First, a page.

Nikolai offered to help dig the rows that Leo started. When he was just about to finish, a sudden storm darkened the skies and Nikolai heard a faint cry for help. Kind hearted young boy that he is, he found the creature, a Panda, who needed help and brought him in from the storm – only to discover that the injured Panda has a youngling trapped in the storm outside.
It was Nikolai’s actions and his thoughtfulness that eventually led him to answer the questions that he deemed to be important in order for him to become a good person. What the answers are, I shall leave for you to discover.
I also enjoyed reading the Author’s Note which explained what inspired Muth to reinvent Tolstoy’s story for a young audience. Even the choice of names was intentional as Pushkin and Gogol are based on famous Russian writers, Sonya apparently was the name of Tolstoy’s wife, Nikolai the name of Tolstoy’s brother and the wise old turtle is none other than Leo Tolstoy himself.
I was a Philosophy major during my first year in the university before I shifted to Psychology. This could be the reason why picturebooks like these appeal to me greatly. While seemingly-prescriptive, I still believe that this story holds so much earnestness, quiet grace, and the promise of the infinite that the reader can not help but respond to its felt truth. Find it. Use it with your own students. And I dare you to come up with your own responses to the questions.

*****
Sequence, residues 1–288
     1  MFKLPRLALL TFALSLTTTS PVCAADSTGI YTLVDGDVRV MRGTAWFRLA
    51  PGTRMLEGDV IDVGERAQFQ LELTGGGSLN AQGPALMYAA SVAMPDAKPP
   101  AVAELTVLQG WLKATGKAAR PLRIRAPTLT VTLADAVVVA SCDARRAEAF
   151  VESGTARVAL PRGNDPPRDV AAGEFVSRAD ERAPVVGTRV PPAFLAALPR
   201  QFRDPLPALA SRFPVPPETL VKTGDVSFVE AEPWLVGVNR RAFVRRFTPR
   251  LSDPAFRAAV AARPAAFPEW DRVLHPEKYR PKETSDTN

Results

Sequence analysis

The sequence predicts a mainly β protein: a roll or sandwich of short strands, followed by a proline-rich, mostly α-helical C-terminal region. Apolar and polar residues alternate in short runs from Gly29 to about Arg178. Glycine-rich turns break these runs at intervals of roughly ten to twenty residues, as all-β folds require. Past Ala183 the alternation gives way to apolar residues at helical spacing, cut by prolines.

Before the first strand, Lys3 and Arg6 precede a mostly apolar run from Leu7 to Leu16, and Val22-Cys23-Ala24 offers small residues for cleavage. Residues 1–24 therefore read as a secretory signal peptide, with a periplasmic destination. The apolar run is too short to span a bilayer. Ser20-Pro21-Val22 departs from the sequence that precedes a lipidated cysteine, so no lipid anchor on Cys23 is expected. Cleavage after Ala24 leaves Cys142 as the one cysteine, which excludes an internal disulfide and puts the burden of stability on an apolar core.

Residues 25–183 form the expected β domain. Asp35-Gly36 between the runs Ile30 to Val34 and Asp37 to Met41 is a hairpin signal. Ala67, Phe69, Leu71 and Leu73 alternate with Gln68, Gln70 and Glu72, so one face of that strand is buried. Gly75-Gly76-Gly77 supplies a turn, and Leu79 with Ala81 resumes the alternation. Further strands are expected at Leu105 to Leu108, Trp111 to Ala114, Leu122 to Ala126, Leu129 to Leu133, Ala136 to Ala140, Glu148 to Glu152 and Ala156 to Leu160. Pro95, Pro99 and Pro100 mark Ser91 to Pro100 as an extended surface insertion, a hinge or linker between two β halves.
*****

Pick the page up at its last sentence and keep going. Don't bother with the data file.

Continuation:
The Big Question
Written and Illustrated by: Wolf Erlbruch Translated from the French by: Michael Reynolds
Published by: Europa Editions, 2003
Bought My Own Copy of the Book
While the title says “The Big Question,” the book opens with a thoughtful answer as could be seen in this full-page spread here:
A thoughtful parent or an insightful teacher could then ask a young reader: “What do you think is the big question here?” For older readers, it may be quite intuitive and fairly obvious, but I could imagine how hilarious some of the responses of the younger kids might be.